Rangers forced to call on position player for ninth inning during rout
By Cody Stavenhagen
ARLINGTON -- It's never a good sign when Rangers infielder Adam Rosales is icing his arm after pitching in a nine-inning game.
But Rosales pitched for the second time this season when he threw the ninth inning in the Rangers' 21-5 loss to the Yankees on Tuesday. He allowed two runs on a Brett Gardner home run, but also struck out Yankees right fielder Chris Young.
Rosales became the first Rangers position player to pitch twice in one season. The only other non-pitcher with two pitching appearances for the Rangers is Jeff Kunkel in 1988 and '89.
"It's not what we want to do," Rangers manager Jeff Banister said. "I don't ever want to put a position player out there on the mound at any point, but there comes a time where you have to make a decision to save the rest of the bullpen."
That time certainly came Tuesday. After starter Martin Perez exited in the second inning, the Rangers used five relievers before going with Rosales for the ninth.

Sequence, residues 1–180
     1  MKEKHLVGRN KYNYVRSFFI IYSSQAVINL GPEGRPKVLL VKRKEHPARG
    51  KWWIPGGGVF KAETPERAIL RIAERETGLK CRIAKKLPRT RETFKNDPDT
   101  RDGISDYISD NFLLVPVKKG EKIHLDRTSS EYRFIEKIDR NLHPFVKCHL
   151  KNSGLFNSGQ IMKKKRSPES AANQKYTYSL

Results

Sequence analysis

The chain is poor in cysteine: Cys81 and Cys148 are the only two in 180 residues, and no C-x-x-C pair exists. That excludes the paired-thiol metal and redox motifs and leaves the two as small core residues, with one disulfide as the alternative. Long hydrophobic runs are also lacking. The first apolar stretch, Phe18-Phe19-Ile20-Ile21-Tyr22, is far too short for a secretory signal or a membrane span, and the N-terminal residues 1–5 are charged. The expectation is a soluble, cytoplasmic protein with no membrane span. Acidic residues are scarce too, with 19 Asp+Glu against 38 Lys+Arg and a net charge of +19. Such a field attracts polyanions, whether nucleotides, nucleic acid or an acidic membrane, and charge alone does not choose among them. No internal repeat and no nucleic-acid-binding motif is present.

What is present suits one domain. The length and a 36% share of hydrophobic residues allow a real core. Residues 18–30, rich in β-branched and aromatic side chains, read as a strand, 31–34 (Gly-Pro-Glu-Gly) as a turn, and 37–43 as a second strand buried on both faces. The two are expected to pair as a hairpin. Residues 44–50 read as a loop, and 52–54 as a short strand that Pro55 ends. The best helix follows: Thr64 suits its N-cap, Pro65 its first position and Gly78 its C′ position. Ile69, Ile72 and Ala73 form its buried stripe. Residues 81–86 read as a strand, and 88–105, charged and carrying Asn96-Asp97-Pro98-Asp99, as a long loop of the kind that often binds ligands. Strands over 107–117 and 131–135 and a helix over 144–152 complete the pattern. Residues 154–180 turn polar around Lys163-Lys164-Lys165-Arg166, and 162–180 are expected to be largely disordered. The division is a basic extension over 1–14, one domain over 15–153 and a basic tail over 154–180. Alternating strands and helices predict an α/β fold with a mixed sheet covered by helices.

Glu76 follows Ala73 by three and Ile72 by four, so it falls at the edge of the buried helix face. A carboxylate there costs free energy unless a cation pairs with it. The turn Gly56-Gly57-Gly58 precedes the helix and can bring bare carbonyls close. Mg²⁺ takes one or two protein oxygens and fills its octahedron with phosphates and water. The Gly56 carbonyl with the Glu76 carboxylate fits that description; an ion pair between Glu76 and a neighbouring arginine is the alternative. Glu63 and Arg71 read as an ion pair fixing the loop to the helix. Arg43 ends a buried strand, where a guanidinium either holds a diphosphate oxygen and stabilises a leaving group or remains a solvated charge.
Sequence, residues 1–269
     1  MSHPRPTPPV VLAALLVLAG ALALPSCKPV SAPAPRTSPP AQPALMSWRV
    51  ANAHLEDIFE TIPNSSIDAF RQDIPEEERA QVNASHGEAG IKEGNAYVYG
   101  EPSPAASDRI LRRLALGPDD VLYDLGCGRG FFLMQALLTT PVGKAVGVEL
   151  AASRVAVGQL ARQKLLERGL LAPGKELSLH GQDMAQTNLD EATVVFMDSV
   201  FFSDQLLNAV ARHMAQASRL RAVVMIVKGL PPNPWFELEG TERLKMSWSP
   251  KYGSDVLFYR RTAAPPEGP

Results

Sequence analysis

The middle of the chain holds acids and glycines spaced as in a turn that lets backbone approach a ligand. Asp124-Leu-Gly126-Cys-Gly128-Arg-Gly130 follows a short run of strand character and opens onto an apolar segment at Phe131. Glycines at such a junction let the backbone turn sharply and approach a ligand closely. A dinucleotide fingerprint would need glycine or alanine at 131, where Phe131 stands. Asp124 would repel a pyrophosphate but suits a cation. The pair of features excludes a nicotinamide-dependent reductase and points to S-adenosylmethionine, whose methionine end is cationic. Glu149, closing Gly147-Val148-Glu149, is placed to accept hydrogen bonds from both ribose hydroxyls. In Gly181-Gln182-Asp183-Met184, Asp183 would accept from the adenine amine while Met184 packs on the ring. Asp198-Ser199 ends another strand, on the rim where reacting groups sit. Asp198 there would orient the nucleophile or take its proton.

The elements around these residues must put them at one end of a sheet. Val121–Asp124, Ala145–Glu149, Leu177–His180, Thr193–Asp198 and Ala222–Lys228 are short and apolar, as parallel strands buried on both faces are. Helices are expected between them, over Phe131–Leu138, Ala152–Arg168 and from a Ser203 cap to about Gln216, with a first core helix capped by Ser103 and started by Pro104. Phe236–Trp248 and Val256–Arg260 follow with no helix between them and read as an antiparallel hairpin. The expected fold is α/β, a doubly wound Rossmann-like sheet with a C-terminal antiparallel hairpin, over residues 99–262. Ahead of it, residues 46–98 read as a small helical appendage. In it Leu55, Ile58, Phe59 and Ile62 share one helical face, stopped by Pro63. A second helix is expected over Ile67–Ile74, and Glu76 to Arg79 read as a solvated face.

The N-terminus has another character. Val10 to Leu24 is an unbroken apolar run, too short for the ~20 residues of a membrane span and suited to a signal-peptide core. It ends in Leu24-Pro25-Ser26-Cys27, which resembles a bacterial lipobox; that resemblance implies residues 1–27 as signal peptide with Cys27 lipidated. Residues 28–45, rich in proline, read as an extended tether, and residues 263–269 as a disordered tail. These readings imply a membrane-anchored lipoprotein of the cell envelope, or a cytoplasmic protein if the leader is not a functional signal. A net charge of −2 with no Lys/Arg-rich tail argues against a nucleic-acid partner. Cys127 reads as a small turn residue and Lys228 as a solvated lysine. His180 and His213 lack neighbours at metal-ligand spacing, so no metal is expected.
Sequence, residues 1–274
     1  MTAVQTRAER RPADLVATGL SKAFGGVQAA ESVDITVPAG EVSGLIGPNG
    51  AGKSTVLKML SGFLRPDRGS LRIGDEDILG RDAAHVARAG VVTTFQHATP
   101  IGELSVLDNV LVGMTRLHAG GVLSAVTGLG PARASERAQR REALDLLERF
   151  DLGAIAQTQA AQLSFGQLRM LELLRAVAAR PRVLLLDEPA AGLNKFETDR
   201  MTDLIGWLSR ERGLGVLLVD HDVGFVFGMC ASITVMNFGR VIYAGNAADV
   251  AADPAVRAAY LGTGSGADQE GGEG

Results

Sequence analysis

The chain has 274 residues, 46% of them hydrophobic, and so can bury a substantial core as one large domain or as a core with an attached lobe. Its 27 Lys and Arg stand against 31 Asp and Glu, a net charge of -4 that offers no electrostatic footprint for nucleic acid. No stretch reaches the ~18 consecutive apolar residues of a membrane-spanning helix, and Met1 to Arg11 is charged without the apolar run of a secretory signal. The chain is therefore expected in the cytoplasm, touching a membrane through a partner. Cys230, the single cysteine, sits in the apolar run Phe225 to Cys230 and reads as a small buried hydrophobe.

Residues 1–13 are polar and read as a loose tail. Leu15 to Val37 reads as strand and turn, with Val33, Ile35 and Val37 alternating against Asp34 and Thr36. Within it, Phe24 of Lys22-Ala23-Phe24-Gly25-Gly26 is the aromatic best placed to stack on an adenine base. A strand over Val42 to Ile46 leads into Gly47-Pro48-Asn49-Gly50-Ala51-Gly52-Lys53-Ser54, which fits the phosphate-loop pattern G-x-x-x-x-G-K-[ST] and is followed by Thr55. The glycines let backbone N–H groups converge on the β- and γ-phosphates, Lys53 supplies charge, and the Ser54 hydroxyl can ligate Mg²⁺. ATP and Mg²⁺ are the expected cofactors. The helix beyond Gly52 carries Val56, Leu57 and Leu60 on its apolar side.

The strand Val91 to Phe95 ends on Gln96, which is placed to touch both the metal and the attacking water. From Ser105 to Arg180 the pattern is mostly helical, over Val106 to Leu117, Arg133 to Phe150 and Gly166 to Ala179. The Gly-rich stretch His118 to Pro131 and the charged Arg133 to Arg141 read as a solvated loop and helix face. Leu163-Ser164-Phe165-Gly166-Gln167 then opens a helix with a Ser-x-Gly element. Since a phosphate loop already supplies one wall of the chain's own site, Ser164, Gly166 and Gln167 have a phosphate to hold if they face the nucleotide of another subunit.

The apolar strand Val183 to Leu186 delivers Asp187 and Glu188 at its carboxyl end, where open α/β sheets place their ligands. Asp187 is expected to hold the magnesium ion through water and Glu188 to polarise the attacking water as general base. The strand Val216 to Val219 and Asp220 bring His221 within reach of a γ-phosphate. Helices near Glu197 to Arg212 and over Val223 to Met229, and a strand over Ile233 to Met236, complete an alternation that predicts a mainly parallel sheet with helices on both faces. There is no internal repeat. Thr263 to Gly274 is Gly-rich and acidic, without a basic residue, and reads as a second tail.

The only options left in the Rangers' bullpen were closer Shawn Tolleson and right-hander Keone Kela, who is tied for the American League lead with 47 appearances. In a blowout game, that meant Rosales was the most logical choice.
"I was just trying to get three quick outs, just put the ball over the plate," Rosales said. He previously pitched one inning in a 12-2 loss on June 26 at Toronto. He allowed one run, a homer to Danny Valencia, in that game. Rosales said he only threw fastballs in that appearance, but Tuesday he got a bit more creative.
Rosales said he started using a split-finger grip in the bullpen to change speeds. His first pitch, a fastball, was 89 mph. His third pitch, using the split-finger grip, was 76 mph.
"I threw it in the bullpen," Rosales said. "It looked like it was decent, like it was moving good. But you have to have a pretty good fastball to back that up, I think."
Jacoby Ellsbury led off the inning by reaching on a catcher's interference for the second time in the game. Gardner then blasted a ball out to right field for the home run, at which point Rosales said he went back to throwing straight fastballs.
Like multiple other Rangers pitchers, his outing took longer than hoped. Rosales threw 26 pitches, 15 for strikes, and ended icing his arm after a game in which it took extreme measures to avoid collateral damage to the bullpen going forward.
Cody Stavenhagen is an associate reporter for MLB.com. This story was not subject to the approval of Major League Baseball or its clubs.